In his zeal to defend Israel, the Foundation for the Defense of Democracies’ (FDD) Cliff May cites a colleague’s contentions that the activists taking part in the “Freedom Flotilla” were obviously Islamic radicals bent on massacring Jews. From his weekly round-up of the very best in Likudnik commentary:
FDD’s Ben Weinthal notes:
According to media reports, activists invoked on their way to Gaza the Islamic battle cry, “Jews, remember Khyabar [sic], the army of Mohammed is returning.” The reference is to a Muslim massacre and expulsion of Jews in seventh-century Arabia.
The reader is then encouraged to “Read more” with a link that goes to a May 30 Jerusalem Post article which quotes Israeli Deputy Foreign Minister Danny Ayalon and the Foreign Ministry as the basis for this assertion:
“Also Sunday, Deputy Foreign Minister Danny Ayalon criticized the effort, saying anti-Semitic chants voiced by the activists on board earlier in the day showed the ‘real motivation’ for the campaign, which he termed an ‘armada of hate.’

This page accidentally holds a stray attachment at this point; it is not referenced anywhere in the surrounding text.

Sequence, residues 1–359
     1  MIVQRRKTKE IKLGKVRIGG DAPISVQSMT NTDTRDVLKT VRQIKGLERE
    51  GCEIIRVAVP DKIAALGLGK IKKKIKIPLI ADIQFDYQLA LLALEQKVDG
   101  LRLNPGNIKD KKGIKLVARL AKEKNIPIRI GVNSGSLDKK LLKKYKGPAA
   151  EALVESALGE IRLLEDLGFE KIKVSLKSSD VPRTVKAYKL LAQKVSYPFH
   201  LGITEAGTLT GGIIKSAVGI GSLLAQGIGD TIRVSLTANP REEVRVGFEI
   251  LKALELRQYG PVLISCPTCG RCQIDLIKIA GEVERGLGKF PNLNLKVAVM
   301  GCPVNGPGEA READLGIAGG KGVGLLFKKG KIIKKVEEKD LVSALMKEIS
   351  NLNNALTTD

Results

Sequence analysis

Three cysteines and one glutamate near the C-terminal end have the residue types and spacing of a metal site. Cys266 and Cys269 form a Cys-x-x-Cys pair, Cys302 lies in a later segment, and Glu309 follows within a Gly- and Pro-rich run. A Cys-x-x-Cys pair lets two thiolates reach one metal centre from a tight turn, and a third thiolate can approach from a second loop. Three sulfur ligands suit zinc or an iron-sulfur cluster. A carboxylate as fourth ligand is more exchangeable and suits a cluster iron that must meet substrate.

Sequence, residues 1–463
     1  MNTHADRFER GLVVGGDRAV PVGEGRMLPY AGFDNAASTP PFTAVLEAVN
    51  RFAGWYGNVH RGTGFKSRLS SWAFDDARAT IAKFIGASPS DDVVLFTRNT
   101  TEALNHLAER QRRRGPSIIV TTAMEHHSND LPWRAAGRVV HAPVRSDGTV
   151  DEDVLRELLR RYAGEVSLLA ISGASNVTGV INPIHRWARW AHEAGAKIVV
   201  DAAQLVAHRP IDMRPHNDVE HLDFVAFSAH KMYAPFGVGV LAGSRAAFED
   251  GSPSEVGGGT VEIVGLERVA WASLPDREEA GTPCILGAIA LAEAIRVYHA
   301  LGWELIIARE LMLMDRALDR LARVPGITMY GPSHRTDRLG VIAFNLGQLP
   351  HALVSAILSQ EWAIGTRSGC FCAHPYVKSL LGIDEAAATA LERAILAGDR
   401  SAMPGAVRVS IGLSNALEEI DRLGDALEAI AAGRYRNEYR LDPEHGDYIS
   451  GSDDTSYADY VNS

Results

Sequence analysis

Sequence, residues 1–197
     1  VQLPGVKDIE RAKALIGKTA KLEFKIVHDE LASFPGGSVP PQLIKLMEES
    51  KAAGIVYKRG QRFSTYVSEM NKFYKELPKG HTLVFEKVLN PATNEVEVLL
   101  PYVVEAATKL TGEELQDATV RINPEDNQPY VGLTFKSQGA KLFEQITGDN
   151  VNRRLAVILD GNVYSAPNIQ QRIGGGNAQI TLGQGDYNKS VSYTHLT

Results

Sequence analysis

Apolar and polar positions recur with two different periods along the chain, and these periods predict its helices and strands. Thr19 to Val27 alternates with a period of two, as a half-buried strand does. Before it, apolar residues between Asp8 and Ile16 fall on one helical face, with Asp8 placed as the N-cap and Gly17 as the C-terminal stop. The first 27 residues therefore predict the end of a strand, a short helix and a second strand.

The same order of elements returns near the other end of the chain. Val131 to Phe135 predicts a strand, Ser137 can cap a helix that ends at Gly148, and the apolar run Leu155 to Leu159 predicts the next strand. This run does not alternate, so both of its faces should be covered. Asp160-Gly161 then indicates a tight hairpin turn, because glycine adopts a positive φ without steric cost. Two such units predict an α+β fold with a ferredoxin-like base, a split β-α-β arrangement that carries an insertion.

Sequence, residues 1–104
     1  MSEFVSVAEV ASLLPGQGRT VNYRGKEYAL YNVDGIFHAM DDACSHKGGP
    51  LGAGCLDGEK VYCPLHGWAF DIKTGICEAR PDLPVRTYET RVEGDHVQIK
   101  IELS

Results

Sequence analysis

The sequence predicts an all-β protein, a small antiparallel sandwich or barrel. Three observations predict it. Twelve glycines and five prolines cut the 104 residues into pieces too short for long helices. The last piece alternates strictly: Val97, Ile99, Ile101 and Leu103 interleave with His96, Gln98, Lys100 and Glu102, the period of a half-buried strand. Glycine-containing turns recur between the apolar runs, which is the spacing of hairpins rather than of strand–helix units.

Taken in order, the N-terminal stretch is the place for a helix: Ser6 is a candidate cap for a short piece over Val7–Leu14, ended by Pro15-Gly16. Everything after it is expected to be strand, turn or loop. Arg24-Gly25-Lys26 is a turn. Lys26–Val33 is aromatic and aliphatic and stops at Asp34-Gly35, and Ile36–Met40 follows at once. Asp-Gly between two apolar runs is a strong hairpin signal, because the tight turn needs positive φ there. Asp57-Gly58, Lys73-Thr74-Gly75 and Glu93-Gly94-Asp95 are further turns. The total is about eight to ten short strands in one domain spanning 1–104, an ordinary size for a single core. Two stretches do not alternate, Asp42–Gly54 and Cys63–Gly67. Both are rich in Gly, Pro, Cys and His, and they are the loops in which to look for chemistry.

According to a Foreign Ministry press release, participants on the flotilla were recorded shouting ‘Khaybar Khaybar ya yahud, Jaish Muhammad saya’ud,’ which means ‘Jews, remember Khyabar [sic], the army of Mohammed is returning.’ This cry relates to an event in the seventh century when Muslims massacred and expelled Jews from the town of Khaybar, in modern-day Saudi Arabia.
‘Israel condemns the anti-Semitic chants that were publicized this morning,’ Ayalon said. ‘This amply demonstrates that many are not against a particular policy of the Israeli government, but have very real and dangerous hatred for Jews and the Jewish State.'”
So, from FDD, we get “media reports” that are based entirely on assertions by a government ministry without the slightest effort to confirm those assertions from any independent source. This, of course, begs many questions, such as of the source of the recording, how it was obtained by the Foreign Ministry, and how many of the flotilla’s participants allegedly took part in the chants, if indeed that’s what took place.
As a former reporter for the New York Times, May should be a bit more conscientious about what he and his colleagues assert as fact. Especially when Khaybar is spelled “Khyabar,” twice.